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Thursday, October 13
1:15
PM
–2:00
PM
SESSION 42 – Gruber Genetics Prize Award
Presentation
Room 210, Level 2, Convention Center
The Gruber Genetics Prize is awarded annually by The
Peter and Patricia Gruber Foundation. The Genetics
Prize is presented to a leading scientist, or up to three,
in recognition of groundbreaking contributions to any
realm of genetics research. The recipient will be
presented with a gold medal and a $500,000 cash
award.
Recipient
:
Ronald W. Davis
Stanford Univ. Sch. of Med., USA
The 2011 Gruber Genetics Prize of The Peter and
Patricia Gruber Foundation will be presented to
biochemist and geneticist Ronald W. Davis, PhD, of
Stanford University for his groundbreaking
contributions to genetics research. Dr. Davis is being
honored as this year’s Gruber Genetics Prize recipient
for developing biotechnologies that have played an
indispensable role in advancing the fields of molecular
genetics and genomics.
Dr. Davis will deliver a lecture entitled, “Health
Advanced Technology Project (HAT Project).”
Dr. Davis’ contributions to the field have been
numerous and profound and include a long string of
“firsts.” Early in his career, Davis developed one of the
first mapping methods for DNA, as well as some of
the earliest cloning vectors (DNA molecules that carry
foreign DNA into a host cell, where the foreign DNA
can then be replicated). Later, working on the genome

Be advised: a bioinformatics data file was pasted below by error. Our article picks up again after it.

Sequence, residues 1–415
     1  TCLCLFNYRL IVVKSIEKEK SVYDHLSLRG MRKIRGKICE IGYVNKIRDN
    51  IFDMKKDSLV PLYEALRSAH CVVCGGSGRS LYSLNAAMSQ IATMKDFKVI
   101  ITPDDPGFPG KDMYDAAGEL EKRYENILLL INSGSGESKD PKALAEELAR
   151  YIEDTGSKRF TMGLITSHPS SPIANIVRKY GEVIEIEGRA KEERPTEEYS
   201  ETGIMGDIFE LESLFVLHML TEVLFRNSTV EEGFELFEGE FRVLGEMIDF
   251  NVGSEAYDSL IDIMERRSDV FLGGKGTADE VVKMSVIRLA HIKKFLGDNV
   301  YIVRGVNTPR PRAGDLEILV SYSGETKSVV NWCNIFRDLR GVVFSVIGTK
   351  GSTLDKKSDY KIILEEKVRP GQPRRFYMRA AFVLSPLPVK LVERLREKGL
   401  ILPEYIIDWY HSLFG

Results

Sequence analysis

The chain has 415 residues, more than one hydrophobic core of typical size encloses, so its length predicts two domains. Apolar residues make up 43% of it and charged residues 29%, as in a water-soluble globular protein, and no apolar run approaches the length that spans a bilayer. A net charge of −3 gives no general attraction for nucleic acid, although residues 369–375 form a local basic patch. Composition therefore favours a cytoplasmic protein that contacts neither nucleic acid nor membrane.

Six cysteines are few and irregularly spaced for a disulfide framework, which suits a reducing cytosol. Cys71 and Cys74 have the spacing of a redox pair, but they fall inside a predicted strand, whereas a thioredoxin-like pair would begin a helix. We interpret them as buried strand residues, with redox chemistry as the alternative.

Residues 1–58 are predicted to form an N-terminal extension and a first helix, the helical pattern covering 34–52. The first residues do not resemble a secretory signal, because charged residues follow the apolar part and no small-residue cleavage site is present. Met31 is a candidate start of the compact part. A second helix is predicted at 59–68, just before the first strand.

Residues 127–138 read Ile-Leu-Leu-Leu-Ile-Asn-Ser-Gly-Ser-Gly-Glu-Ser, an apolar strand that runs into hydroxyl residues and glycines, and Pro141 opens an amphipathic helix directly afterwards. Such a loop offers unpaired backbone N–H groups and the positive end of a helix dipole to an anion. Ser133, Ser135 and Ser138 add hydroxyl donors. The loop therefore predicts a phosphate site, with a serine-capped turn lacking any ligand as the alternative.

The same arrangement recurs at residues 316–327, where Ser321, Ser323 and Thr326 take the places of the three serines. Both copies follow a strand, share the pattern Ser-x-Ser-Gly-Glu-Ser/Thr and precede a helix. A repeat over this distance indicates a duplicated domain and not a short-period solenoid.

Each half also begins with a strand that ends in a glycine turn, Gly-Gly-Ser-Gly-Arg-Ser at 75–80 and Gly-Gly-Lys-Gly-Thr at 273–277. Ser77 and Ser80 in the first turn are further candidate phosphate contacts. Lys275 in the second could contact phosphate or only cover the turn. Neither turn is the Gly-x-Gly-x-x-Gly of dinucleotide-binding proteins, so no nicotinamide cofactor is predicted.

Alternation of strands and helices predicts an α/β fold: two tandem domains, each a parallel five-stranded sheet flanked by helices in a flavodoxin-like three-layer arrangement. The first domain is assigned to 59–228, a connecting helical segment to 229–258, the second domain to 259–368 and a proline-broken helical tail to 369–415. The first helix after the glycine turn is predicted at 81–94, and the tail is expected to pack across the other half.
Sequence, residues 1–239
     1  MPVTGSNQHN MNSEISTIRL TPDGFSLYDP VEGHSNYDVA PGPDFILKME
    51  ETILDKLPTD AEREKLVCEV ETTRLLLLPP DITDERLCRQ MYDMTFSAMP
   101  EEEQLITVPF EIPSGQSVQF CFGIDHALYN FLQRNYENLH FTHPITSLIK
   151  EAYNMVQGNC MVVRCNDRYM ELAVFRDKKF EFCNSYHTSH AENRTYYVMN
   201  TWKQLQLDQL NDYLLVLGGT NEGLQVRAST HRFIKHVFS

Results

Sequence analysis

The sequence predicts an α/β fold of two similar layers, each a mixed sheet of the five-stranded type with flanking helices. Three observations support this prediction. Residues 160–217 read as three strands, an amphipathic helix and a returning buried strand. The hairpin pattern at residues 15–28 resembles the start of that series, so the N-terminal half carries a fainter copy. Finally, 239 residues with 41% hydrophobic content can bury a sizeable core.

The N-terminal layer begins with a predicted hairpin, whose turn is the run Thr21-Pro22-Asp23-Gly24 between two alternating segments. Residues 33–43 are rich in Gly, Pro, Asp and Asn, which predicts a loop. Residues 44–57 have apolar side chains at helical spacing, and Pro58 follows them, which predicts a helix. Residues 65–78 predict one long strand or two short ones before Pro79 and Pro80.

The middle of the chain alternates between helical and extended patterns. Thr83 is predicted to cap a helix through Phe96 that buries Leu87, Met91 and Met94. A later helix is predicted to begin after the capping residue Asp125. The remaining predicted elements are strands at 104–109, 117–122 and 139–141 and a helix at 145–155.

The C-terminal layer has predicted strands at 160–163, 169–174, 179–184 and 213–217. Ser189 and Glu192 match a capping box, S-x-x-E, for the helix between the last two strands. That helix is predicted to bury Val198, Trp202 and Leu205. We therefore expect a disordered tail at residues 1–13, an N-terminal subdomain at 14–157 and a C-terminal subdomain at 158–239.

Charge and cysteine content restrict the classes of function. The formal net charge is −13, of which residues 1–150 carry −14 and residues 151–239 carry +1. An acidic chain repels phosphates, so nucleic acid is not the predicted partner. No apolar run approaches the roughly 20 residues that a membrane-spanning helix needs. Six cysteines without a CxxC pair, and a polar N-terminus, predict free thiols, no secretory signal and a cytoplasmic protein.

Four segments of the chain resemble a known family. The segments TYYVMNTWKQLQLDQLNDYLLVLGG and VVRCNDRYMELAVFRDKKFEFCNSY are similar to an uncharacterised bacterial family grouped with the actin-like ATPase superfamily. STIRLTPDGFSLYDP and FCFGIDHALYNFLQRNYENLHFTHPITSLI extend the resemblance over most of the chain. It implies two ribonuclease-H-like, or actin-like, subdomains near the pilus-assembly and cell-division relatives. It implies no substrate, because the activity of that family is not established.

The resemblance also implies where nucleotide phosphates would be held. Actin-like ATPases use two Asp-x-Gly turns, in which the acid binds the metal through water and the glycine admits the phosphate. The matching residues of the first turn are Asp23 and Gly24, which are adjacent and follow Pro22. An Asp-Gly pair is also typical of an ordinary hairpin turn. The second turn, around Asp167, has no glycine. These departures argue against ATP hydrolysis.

and biology of
Saccharomyces cerevisiae
(baker’s
yeast), Davis developed the first artificially constructed
chromosomes, which are now routinely used to clone
large genes and to map complex genomes. He also
described the very first case of what is now known as
genome editing, the ability to replace any nucleotide in
the yeast genome with any other nucleotide.
In 1980, Davis described how sequence variants in the
genomes of humans and other species could provide
genetic markers for making a genetic and physical
map of the human genome, a finding that helped
launch the field of genomics. A few years later, his lab
showed how DNA libraries could be searched with
protein-finding antibodies, a technique that has made
it possible for scientists to identify genes for important
proteins, including in humans. Furthermore, Davis also
contributed to the development of the very first
Cameras and all other recording devices are
strictly prohibited
in all session rooms. Thank you for your cooperation
microarrays, tools that enable scientists to analyze t
gene expression of thousands of genes
simultaneously. He then went on to help standardize
this technology, paving the way for other scientists t
use it for clinical applications.
Finally, according to Davis’ Gruber Prize citation,
“Throughout his career—by training students,
communicating openly with colleagues, and leading
through the example of his own research—Davis ha
profoundly influenced the way scientists study the
molecular basis of life.”
The Gruber Genetics Prize has been presented
annually since 2001. Laureates are: Rudolf Jaenisch
H. Robert Horvitz, David Botstein, Mary-Claire King,
Robert H. Waterston, Elizabeth H. Blackburn, Mayn
V. Olson, Allan C. Spradling, Janet Davison Rowley,
Gerald Fink.
Nominations for the 2012 Prize are now open and
close on December 15,2011. For further information
see www.gruberprizes.org.